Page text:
Young People Turn to Crime as Jobs Become Scarce
The old adage "idle hands are the devil's tools" has never been more true than in the face of our current economic slump. The upcoming generation of young people is not only having a hard time finding jobs to keep them busy after class, but they're also seeing less benefit in working hard to finish school and go on to college. If there's no guarantee of a getting a good job why bother putting forth the effort?
Crime becomes more appealing
Sadly for some, turning to a life of crime has become more attractive than pursuing a higher education. Teens and young adults aren't generally known for having patience or foresight, and the temptation to make instant money by dealing drugs, joining gangs, and participating in other nefarious activities can become too glamorous and appealing to resist. It's a worldwide issue and Peter Fahy, a police chief in the United Kingdom, says "Our concern would be the wider impact of not just a rise in unemployment but a generation of young people that don't see much hope. They find what gang members and drug dealers are up to more attractive than going to college if they think that they are not going to get a job at the end of it."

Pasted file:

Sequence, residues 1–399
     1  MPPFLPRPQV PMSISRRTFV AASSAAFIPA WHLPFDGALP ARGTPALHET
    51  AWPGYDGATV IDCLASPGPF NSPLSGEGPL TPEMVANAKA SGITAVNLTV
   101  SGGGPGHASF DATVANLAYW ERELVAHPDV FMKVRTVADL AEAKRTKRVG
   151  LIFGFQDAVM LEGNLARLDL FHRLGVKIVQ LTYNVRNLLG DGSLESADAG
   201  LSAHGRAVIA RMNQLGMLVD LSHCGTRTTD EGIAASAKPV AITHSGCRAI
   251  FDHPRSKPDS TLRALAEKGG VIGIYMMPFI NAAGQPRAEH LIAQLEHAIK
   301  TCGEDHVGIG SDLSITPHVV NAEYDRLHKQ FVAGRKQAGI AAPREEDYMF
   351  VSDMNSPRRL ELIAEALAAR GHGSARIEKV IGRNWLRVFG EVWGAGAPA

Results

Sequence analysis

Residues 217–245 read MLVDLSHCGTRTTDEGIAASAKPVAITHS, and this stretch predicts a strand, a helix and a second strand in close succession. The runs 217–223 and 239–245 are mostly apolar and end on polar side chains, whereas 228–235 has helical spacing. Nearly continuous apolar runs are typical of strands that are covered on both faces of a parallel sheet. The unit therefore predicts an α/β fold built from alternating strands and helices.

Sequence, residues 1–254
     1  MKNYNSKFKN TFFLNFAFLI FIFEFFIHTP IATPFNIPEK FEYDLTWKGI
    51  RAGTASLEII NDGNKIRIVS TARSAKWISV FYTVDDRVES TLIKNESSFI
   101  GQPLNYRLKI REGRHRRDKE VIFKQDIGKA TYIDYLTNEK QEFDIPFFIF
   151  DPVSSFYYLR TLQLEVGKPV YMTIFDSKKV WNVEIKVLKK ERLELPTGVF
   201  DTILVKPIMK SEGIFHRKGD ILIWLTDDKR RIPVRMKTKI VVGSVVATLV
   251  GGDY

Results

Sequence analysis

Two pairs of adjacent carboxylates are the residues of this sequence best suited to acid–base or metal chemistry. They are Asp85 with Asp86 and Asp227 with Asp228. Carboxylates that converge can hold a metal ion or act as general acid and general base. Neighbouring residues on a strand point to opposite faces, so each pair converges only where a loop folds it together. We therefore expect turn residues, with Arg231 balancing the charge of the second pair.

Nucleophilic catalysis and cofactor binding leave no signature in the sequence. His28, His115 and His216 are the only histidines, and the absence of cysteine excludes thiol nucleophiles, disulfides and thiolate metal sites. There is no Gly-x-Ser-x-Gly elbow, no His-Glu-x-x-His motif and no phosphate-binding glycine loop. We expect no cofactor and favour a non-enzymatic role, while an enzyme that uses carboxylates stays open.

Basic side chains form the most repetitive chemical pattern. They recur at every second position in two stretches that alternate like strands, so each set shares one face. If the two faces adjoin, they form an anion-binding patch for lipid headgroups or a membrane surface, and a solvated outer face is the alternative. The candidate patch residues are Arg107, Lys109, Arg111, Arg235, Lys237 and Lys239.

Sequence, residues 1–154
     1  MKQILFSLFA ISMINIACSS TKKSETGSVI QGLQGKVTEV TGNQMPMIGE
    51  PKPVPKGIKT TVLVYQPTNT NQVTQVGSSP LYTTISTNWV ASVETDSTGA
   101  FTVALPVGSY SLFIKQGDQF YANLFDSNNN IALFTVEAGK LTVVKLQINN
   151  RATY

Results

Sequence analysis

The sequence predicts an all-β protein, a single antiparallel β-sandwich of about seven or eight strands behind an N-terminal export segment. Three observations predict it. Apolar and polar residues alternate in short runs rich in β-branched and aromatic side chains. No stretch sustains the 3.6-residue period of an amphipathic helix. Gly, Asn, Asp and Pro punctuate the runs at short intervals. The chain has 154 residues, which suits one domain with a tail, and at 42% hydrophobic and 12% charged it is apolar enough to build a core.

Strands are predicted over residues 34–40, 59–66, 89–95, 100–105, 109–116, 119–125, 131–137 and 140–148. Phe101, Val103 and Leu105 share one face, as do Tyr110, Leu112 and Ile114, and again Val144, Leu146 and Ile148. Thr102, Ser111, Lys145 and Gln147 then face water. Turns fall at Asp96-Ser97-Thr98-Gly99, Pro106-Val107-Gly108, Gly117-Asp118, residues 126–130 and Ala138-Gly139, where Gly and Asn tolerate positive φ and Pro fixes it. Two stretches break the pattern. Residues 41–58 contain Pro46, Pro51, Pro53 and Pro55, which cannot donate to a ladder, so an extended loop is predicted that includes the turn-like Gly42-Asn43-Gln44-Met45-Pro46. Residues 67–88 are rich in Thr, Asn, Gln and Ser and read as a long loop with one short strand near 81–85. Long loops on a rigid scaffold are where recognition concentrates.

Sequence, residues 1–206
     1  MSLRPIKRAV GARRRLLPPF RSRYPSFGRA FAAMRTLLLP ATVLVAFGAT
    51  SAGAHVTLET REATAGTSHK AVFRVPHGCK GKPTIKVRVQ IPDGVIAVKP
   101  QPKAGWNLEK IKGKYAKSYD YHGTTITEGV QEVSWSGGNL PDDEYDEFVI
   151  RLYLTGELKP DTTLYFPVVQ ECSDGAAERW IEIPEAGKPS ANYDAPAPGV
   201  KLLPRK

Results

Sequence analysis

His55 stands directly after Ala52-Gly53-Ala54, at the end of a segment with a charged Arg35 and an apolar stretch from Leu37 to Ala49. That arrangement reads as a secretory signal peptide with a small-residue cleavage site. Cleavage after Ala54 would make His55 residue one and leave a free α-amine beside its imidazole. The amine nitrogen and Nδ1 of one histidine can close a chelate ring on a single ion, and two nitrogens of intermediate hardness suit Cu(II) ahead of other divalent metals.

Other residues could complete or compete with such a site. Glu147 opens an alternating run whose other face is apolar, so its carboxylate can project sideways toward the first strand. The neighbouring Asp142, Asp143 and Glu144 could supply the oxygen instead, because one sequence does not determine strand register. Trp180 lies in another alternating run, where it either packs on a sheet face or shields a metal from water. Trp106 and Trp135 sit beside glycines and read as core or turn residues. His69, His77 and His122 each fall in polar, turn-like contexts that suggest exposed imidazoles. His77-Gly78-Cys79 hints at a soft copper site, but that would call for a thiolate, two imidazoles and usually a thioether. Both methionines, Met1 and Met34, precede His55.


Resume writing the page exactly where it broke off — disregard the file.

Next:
Prevention is key
Fahy also says that early intervention is crucial as the recession continues to take a bite out of the job market. Keeping teens in school and motivated toward a career means keeping them hopeful and empowered. Open an ongoing conversation with them about the tough issues and challenges the recession brings as well as their fears about the future. Keep the lines of communication open and stay involved in how your kids are doing in school and what they're up to after hours.
Rigel Celeste is a freelance writer and artist living in a small city in the middle of Midwest farming country. In her free time she enjoys gardening, hiking and playing with her dog, and drinking coffee while staring out the window.